Japan Airlines (JAL) and Japan Air System (JAS) have won regulatory approval for their merger but, as expected, have been forced to give up valuable slots at Tokyo's congested Haneda airport. The carriers announced plans to merge in November, but it was publicly opposed by rival All Nippon Airways (ANA). In March, Japan's Fair Trade Commission (FTC) issued a preliminary ruling on the merger that also opposed it without concessions.

After weeks of negotiations, however, JAL and JAS agreed to give up as many as 12 slots at Haneda, co-operate with new entrants, cut fares and open up airport facilities to smaller carriers in return for the FTC's blessing.

Slots enabling nine rotations to be carried out at Haneda will be given up at the time of integration, the carriers say, while three more slot pairs will be given up in February 2005 if the initial nine "are not sufficient for new entrants". Haneda primarily caters for domestic flights and is by far Asia's busiest airport, handling more than 50 million passengers annually.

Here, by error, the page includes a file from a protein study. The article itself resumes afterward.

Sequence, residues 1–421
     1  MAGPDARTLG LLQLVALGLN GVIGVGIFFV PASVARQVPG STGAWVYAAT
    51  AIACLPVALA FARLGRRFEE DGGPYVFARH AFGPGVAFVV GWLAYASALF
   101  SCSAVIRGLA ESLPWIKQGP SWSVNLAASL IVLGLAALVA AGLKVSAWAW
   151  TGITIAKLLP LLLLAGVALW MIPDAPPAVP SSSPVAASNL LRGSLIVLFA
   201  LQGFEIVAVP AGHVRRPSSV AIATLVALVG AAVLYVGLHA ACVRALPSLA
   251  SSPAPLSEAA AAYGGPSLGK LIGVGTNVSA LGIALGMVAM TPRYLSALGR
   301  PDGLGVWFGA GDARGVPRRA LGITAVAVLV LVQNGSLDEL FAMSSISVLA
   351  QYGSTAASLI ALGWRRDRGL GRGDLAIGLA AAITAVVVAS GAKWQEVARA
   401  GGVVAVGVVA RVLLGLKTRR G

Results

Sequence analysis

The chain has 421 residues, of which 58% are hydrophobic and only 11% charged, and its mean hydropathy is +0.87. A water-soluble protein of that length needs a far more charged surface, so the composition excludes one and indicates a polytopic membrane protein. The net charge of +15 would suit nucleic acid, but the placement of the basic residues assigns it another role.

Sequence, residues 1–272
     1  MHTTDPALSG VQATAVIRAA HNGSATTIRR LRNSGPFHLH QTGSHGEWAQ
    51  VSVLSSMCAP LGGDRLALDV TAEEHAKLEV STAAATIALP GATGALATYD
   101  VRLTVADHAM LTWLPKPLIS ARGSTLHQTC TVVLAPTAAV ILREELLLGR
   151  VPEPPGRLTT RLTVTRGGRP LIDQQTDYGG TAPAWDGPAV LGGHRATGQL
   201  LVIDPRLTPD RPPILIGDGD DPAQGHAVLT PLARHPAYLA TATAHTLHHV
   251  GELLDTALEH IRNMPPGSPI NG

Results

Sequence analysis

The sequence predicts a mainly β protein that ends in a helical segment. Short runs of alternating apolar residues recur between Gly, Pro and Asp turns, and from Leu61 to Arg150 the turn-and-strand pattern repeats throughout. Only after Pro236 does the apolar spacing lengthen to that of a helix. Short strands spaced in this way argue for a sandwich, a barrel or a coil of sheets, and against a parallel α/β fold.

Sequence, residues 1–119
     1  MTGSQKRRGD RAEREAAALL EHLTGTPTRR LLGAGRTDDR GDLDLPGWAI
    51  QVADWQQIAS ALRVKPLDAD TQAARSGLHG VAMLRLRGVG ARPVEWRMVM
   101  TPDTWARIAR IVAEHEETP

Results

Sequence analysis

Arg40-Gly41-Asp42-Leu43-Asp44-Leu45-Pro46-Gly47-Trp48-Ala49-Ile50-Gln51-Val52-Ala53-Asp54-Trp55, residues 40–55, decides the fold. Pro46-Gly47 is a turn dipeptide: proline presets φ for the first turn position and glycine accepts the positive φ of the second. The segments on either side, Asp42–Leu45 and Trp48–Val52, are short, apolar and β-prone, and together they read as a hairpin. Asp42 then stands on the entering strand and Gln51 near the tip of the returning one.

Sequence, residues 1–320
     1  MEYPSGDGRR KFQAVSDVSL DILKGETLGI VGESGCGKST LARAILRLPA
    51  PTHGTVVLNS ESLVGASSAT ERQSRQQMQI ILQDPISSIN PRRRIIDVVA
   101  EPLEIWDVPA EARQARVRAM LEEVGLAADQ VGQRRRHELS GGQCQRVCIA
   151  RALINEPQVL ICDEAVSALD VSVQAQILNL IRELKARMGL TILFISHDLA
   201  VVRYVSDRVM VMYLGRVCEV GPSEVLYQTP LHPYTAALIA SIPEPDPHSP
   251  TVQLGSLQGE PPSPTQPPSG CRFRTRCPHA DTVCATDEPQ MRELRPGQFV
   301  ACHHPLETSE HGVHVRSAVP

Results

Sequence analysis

JAL and JAS also agreed to make available to new carriers some of their facilities and infrastructure, including airbridges, gate positions and check-in counters, as well as maintenance area space at Haneda, and, if necessary, at other airports. The two also agreed to provide ground handling services such as ramp service, maintenance, flight operations and "any other necessary services required by new entrants, for starting business or business expansion".

The merger effectively represents a take-over by JAL of smaller JAS. With the FTC approval in hand, they aim to establish a joint holding company in October this year and integrate operations from early 2004. The merger will create a carrier with a domestic market share of nearly half, roughly equal to that of ANA, which is still much smaller than JAL in the international market, however.

Source: Airline Business